The exhibition opening took place at Alfred University within the Frederick-Nelson Gallery at Alfred University on March fourth between seven and nine pm. The exhibition, Variantology, containing the work of the Division of Expanded Media faculty, is aiming to develop an appraisal of concepts of media. Variantology, the movement, seeks to cross the bridge between sciences, arts, theology and the like to combine it into a new meaning of media.
The exhibition itself is effective because it combines unorthodox uses of technology to create artwork. For example, there is a projector set up. On this projector is a program that, in real time, displays an image randomly, painted across the screen in rapid repetition in random orientations. The effect was nearly akin to graffiti art. In fact, that is what it first appears like before the viewer concentrates and sees the actual image. It is a character of some sort. It is entrancing to watch the image be repeated on the screen in such a varying way.
Another piece that really stood out was a barrage of colored insect images. Blocks of brightly colored squares, containing the image of insects, lined up along the wall from the ceiling to the floor. The colors certainly vibrated. This was exemplified by the buzzing noise. The impression was that the still images were bugs twitching and buzzing. It combined still images effectively with sound, bringing the two mediums together. It was if a giant bug zapper had been hung on a wall.
Overall, whole gallery seemed to have aims similar to that of the Postmodern art movement. They are crossing bounds of media and weaving together new concepts of what media is. Postmodern is vary similar in that it brought together media that wasn’t previously considered art. The concept of art had thus been expanded and variantology appears to be doing that for media.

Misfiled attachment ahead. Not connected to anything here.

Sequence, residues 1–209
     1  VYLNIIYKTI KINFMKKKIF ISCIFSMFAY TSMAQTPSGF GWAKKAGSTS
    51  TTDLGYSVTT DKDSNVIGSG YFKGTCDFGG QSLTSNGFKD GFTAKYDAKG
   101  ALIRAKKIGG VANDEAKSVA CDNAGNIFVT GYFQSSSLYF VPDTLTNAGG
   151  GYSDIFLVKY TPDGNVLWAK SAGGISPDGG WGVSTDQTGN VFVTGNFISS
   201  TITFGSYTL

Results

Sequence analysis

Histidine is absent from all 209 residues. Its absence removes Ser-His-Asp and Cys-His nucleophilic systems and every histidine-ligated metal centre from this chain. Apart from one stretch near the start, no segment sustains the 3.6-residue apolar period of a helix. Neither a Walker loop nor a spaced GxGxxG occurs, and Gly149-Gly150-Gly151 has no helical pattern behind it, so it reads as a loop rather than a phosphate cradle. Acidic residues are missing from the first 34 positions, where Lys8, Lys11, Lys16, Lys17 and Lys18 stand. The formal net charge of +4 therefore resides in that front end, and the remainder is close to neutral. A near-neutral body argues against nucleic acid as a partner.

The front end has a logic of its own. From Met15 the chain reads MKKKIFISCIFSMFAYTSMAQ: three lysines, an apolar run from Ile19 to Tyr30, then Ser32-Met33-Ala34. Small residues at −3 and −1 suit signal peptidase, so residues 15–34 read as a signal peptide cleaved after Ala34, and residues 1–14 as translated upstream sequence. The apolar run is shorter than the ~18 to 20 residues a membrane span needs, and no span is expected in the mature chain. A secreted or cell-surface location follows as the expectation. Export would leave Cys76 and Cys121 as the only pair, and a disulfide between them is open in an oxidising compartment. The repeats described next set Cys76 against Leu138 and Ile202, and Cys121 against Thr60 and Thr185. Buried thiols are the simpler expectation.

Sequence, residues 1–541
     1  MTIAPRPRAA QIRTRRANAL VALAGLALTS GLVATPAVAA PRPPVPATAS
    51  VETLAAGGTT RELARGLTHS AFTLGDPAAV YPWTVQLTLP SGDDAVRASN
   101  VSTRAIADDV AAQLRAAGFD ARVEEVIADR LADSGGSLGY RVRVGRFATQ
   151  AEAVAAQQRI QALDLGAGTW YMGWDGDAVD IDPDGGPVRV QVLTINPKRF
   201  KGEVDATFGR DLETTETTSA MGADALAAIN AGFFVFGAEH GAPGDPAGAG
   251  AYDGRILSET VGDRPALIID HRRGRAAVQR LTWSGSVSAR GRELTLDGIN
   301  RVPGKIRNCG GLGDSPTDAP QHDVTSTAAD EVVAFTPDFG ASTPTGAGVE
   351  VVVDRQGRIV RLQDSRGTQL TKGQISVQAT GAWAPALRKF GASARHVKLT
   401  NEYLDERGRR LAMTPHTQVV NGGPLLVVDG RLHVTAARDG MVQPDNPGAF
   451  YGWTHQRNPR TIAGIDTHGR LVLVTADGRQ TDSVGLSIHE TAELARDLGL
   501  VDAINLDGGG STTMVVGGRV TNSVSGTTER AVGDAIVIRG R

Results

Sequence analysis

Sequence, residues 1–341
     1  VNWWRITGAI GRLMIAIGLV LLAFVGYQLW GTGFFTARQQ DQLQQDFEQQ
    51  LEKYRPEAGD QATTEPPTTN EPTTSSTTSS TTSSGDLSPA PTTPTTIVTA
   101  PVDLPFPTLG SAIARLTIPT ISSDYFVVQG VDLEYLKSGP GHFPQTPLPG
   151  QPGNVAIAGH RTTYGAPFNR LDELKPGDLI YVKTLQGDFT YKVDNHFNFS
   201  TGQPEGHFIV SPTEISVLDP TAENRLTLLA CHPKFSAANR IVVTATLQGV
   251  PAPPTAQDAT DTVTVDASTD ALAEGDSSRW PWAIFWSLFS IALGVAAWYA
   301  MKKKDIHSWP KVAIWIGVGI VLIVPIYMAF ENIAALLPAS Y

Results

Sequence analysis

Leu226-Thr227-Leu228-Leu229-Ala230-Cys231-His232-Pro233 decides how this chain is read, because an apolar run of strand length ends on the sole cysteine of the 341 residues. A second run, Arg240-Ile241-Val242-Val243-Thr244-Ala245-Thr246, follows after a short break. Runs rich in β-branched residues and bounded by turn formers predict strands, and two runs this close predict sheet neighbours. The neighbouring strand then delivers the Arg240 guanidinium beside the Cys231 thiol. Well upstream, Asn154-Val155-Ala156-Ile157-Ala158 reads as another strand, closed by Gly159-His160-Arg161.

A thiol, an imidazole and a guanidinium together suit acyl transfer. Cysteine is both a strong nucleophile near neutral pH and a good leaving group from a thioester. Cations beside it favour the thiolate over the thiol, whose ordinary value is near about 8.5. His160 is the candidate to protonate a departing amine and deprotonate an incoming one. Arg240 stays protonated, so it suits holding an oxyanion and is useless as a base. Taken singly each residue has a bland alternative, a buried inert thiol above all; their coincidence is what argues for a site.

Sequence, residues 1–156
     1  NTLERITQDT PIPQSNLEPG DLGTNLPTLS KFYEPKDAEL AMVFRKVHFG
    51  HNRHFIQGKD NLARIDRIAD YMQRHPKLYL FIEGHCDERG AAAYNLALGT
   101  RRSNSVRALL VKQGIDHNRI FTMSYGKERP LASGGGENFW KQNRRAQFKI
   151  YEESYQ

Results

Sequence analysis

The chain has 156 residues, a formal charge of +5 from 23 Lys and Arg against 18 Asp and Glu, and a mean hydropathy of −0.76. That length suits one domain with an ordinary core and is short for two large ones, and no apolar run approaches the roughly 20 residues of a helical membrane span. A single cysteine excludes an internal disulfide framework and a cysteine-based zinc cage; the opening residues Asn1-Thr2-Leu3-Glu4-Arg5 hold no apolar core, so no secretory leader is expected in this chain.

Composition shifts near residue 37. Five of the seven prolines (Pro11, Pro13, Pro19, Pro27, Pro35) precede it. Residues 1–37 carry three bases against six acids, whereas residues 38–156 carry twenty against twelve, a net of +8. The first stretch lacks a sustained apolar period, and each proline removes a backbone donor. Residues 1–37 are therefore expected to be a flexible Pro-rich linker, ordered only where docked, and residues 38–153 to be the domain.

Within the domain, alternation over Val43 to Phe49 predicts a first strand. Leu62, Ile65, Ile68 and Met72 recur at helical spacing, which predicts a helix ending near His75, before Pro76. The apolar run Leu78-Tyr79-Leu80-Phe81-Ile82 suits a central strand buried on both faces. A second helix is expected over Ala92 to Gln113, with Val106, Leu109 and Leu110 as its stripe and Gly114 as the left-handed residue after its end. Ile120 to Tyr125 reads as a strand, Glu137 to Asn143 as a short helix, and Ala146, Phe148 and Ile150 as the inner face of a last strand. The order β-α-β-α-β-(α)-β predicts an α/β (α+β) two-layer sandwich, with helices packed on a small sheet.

The overall feel of the exhibition was that of experimentalism: there were many different media types present. Some combined with others. For example: a man was doing martial arts movements, an art in itself for the performance, with cameras attached to his wrists. It combined performance with video that was more than just documenting the movement. The viewer became a part of his movement; they had a sense of the movement outside of just seeing the man move. They can feel it. It is outside the bounds of typical video of a performance. This is akin to when brushstrokes of painting became more visible during the modern art era. The viewer was given the sense of the brush moving on the canvas. They saw more than just a polished piece and there was more freedom for expression. It exposed more of an experience for the viewer.